AMES, IA – Using a boxed beef index as an external reference price could result in higher or lower fed cattle prices versus other ways of discovering prices, according to a livestock economist.
The CME Group launched a Boxed Beef Index the first week of March 2021. The index is a five-business day volume-weighed moving average of daily Choice and Select cutout values.
It joins CME’s Feeder Cattle, Lean Hogs, Pork Cutout, and Fresh Bacon indexes.
CME says the index “will provide a benchmark price that both producers and end users of beef can use to track and forecast price.”
To calculate the index, CME uses data collected by USDA’s Agricultural Marketing Service and published in the National Daily Boxed Beef Cutout and Boxed Beef Cuts Negotiated Sales–Afternoon (LM_XB403) report. USDA has provided those data, in their current form, since 2004.
Market participants who see value in such an index may already be calculating something like it or using the USDA boxed beef cutout data directly.
The index could, conceivably, provide an alternative to negotiated base prices in formula pricing cattle.
In hogs, alternatives and combinations for discovering base prices are more common than in cattle. The Swine or Pork Market Formula category, as reported by USDA, is a formula price based on a market for swine, CME Lean Hog Index, pork or a pork product. The Other Market Formula category is a formula price based on one or more futures or option contracts.
Negotiated fed cattle trade has dwindled from more than 50% of purchases in 2005 to less than 25% in 2020. Market participants, particularly producers, fear that too few cattle trade in negotiated sales to accurately reflect market conditions — and, therefore, the true value of negotiated and formula cattle.
Conceptually, using boxed beef prices for establishing base prices in pricing formulas is appealing, because wholesale beef prices represent the market supply and demand for all beef products. Theoretically, boxed beef prices reflect prices packers receive for beef products across the entire retail, food service and export market spectrum.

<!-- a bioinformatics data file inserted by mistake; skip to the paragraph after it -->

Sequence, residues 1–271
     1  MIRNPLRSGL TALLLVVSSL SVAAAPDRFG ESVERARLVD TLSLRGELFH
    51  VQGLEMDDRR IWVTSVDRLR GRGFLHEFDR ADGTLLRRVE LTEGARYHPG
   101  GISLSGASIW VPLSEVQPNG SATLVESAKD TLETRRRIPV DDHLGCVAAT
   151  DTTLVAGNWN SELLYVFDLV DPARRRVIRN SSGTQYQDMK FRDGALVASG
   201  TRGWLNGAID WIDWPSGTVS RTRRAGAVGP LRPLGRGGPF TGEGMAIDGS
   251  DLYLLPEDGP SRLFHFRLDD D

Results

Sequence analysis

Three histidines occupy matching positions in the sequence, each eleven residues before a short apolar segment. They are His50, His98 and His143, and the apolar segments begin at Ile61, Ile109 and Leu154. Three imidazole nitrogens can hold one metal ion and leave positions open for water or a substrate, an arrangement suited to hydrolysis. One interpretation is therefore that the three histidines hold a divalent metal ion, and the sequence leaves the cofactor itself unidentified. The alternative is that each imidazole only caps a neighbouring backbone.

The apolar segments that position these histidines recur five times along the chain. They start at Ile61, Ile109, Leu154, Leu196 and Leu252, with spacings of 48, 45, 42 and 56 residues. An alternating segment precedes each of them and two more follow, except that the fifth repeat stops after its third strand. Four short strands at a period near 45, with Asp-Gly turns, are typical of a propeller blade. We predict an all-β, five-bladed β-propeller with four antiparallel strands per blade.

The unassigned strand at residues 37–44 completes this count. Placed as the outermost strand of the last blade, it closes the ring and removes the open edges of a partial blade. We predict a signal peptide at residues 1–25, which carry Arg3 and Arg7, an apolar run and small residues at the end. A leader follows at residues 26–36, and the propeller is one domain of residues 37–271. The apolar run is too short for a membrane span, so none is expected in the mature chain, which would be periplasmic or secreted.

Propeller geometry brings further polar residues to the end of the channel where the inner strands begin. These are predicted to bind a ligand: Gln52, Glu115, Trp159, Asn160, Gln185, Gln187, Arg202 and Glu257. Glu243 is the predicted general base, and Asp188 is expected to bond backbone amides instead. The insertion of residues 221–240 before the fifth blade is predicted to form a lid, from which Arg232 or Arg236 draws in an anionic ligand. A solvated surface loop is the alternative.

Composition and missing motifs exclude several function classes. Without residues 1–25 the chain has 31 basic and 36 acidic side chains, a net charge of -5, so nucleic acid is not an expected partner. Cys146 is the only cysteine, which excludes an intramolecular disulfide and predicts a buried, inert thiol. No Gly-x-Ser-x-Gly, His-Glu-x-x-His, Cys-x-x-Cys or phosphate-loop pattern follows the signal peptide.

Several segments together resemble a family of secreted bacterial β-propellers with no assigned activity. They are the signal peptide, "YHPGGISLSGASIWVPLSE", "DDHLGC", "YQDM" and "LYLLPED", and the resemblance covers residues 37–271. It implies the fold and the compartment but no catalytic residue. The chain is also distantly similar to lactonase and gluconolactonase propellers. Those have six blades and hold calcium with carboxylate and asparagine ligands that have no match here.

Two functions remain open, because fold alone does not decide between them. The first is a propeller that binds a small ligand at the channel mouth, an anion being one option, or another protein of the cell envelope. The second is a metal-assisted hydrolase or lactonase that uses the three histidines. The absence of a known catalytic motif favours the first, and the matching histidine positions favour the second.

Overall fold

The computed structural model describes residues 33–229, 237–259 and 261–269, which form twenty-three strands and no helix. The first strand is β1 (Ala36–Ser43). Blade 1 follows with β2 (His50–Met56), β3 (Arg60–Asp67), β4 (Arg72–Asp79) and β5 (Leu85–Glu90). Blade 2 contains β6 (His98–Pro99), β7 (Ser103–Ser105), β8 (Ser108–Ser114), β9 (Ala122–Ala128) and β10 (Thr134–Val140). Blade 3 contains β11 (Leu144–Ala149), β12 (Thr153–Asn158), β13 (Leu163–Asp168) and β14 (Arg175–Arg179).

As with fed cattle, however, noncash trade-in wholesale beef is common. Consequently, USDA’s LM_XB403 report, and therefore the CME Boxed Beef Index, are based on only a percentage of all beef traded, and may not represent an animal’s true wholesale value. Some insight comes from USDA’s weekly National Comprehensive Boxed Beef Cutout – All Fed Steer/Heifer Sales (LM_XB463) report, which incorporates the volume of all sales methods. For the week ending April 30, 55% of sales were formula, 27% were negotiated for delivery within 21 days, 16% were negotiated for delivery in 22 days or more, and 2% were forward-contracted.
Will index reflect ‘true’ value?
The relationship between live steer and heifer prices of all grades (including negotiated, formula, forward-contract and negotiated grid prices) reported in the National Weekly Fed Cattle Comprehensive report published by USDA and the calculated boxed beef index offers insight. From 2017 to the present, the boxed beef index ranged from $68 per cwt to $351 per cwt above live cattle prices. This variability in farm-to-wholesale beef prices is not necessarily a deterrent to using wholesale-based, farm-level pricing when producers market cattle regularly. Weekly peaks in the spread can offset troughs. However, it is more troublesome for producers marketing cattle infrequently.